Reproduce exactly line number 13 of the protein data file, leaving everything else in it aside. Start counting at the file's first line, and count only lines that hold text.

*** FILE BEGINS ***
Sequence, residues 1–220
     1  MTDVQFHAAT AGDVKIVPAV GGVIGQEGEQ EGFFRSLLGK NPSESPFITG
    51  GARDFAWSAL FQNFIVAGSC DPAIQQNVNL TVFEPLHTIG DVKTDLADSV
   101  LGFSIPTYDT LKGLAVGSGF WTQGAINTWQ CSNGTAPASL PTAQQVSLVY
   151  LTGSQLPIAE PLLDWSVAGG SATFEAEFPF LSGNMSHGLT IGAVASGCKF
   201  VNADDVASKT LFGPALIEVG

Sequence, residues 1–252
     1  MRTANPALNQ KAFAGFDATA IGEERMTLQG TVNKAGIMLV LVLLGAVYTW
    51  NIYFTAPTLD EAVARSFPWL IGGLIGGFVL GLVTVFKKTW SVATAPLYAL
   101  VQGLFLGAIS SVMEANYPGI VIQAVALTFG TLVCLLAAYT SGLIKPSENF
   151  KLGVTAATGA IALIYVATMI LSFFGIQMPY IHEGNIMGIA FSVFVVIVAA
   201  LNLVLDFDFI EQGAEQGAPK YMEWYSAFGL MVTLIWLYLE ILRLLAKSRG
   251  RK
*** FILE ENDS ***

   251  RK